>> representation. This creation is distinct from forming the content, which is
>> indicated with pav:contributedBy or its subproperties.
>> It is more specific than dct:createdBy - which might or might not be
>> interpreted to also cover the creation of the content of the artifact.
>> 2) pav:createdOn -> When the Domeo user created the digital object
>> The date of creation of the digital artifact or resource representation. The
>> agents responsible can be indicated with pav:createdBy.
>> 3) pav:createdAt -> Where the user created the digital object
>> The geo-location of the agent that created the annotation.
>> 4) pav:createdWith -> In may case the Domeo tool
>> The software/tool used by the creator (pav:createdBy) when making the
>> digital resource, for instance a word processor or an annotation tool. A
>> more independent software agent that creates the resource without direct
>> interactions by a human creator should instead be indicated using
>> pav:createdBy.
>> 5) pav:authoredBy -> The author of the original annotation on paper
>> Indicates an agent that originated or gave existence to the work that is
>> expressed by the digital resource. The author of the content of a resource
>> may be different from the creator of that resource representation
>> (pav:createdBy), although they are often the same. The author is usually not
>> a software agent (which would be indicated with pav:createdWith,
>> pav:createdBy or pav:importedBy), unless the software actually authored the
>> content itself; for instance an artificial intelligence algorithm which
>> authored a piece of music or a machine learning algorithm that authored a
>> classification of a tumor sample
>> 6) pav:authoredOn -> The date of the original annotation
>> Indicates the date this resource was authored by the agents given by
>> pav:authoredBy. Note that pav:authoredOn is different from pav:createdOn,
>> although their values are often the same.
>> In summary I have something like:
>> <ann1> a oa:Annotation
>>    pav:createdBy -Paolo-
>>    pav:createdOn -today-
>>    pav:createdWith -Domeo-
>>    pav:createdAt -Boston location-
>>    pav:authoredBy -Annotation’s author-
>>    pav:authoredOn -Date of the original annotation-
>> In other words, using PAV I can keep the distinction between the creator of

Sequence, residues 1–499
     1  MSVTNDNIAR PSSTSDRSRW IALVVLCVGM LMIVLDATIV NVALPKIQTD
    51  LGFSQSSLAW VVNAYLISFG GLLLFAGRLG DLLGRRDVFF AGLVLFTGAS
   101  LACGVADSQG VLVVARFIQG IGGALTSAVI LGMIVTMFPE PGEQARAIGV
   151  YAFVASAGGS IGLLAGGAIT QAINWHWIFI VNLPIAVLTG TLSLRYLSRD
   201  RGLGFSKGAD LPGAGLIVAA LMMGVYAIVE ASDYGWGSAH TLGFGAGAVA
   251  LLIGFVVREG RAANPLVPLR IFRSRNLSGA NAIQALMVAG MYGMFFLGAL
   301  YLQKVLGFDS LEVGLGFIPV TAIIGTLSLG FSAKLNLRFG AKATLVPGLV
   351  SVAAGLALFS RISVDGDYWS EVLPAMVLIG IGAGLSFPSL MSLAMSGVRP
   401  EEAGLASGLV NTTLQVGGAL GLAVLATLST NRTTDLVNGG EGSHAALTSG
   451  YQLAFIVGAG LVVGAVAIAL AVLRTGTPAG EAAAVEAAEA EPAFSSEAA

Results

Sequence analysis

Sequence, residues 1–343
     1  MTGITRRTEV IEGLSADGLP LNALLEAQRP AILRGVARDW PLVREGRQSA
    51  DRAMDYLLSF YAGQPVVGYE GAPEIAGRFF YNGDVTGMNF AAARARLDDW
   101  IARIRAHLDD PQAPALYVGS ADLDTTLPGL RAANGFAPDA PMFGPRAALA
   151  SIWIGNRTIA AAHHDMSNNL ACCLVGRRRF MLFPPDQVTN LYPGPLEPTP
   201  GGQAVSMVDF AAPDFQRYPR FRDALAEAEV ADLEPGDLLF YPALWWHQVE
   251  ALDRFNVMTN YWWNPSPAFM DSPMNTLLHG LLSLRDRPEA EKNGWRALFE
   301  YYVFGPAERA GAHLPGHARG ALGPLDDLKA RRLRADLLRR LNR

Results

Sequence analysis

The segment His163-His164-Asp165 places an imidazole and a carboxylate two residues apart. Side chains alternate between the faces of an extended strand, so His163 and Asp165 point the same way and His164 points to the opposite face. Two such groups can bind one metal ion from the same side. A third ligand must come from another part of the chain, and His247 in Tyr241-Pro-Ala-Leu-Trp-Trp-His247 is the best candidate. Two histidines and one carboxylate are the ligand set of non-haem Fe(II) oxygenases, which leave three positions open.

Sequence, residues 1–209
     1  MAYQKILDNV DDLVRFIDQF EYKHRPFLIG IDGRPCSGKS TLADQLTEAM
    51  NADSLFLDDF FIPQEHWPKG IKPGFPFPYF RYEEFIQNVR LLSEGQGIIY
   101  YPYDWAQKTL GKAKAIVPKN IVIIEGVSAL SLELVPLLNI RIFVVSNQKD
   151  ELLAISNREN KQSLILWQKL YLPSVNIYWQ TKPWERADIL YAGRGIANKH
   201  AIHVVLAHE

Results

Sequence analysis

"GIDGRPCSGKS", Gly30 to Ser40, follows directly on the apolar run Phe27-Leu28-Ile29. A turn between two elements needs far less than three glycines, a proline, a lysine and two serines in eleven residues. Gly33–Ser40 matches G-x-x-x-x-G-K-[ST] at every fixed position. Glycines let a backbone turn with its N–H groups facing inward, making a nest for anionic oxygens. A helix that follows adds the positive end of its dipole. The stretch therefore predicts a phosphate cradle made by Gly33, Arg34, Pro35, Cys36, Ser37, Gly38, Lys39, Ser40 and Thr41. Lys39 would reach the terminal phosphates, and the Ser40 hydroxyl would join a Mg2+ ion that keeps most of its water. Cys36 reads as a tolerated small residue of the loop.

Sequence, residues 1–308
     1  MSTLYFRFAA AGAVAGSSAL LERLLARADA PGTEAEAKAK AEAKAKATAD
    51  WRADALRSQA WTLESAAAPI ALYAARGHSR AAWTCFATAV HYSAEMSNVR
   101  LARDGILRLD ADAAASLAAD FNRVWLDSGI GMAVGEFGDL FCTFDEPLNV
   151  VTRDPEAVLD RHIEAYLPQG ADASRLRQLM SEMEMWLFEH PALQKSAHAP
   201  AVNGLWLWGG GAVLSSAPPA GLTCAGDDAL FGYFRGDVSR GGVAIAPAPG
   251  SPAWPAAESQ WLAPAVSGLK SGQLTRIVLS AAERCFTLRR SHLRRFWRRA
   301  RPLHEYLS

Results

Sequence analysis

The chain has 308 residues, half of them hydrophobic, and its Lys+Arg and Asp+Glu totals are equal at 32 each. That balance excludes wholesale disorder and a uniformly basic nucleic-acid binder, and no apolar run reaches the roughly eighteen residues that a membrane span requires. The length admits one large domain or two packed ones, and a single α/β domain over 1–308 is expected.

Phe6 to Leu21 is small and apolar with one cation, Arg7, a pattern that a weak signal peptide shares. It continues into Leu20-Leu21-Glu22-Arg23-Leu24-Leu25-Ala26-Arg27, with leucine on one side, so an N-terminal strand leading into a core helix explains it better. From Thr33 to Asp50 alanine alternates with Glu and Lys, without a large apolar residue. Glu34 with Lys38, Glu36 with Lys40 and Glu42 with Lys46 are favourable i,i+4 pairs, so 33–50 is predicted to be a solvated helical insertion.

>> the digital artifact and the author of the original content/association.
>> However, there are possibly a couple of overlaps with the current OA
>> properties. As I would like to provide the OA provenance as well, I am
>> wondering which of the following applies:
>> <ann1> a oa:Annotation ;
>>     oa:annotatedBy <Paolo> .
>> or
>> <ann1> a oa:Annotation ;
>>     oa:annotatedBy <OriginalAuthor> .
>> Or compared to PAV:
>> - pav:createdBy =? oa:annotatedBy --or--
>> - pav:authoredBy =? oa:annotatedBy
>> Looking at the Darwin’s example in the specs, if the student is digitizing a
>> note from Darwin on his own content I would say:
>> <ann2> a oa:Annotation
>>    pav:createdBy -Student-
>>    pav:createdOn -2013-
>>    pav:createdWith -Domeo-
>>    pav:createdAt -Boston location-
>>    pav:authoredBy -Darwin-
>>    pav:authoredOn -Date of the original annotation-
>> Then of course the ‘body’ of the annotation can be also authored by the
>> original author of the annotation. But, as pointed out above, it is
>> important for me to attribute also the association of body and target to the
>> original author as that represent the historical provenance of it.
>> What this comes down to is basically what an oa:Annotation really is: “an
>> Annotation expresses the relationship between two or more resources, and
>> their metadata, using an RDF graph”. We talked about this before - my
>> question here becomes if oa:annotatedBy indicates who formed the
>> relationship (the ‘author’ of the conceptual annotation); or the person who
>> (using some OA aware tools) formalized this as an oa:Annotation data
>> structure (the RDF structure)?
>> Best,
>> Paolo
>> [1] http://www.openannotation.org/spec/core/core.html#Provenance
>> [2] http://arxiv.org/abs/1304.7224
>> [3] http://code.google.com/p/pav-ontology/
>> --
>> Dr. Paolo Ciccarese
>> http://www.paolociccarese.info/
>> Biomedical Informatics Research & Development
>> Instructor of Neurology at Harvard Medical School
>> Assistant in Neuroscience at Mass General Hospital
>> Member of the MGH Biomedical Informatics Core
>> +1-857-366-1524 (mobile)   +1-617-768-8744 (office)
>> CONFIDENTIALITY NOTICE: This message is intended only for the addressee(s),
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> --
> Stian Soiland-Reyes, myGrid team
> School of Computer Science
> The University of Manchester
> http://soiland-reyes.com/stian/work/ http://orcid.org/0000-0001-9842-9718
Received on Monday, 19 August 2013 15:10:40 UTC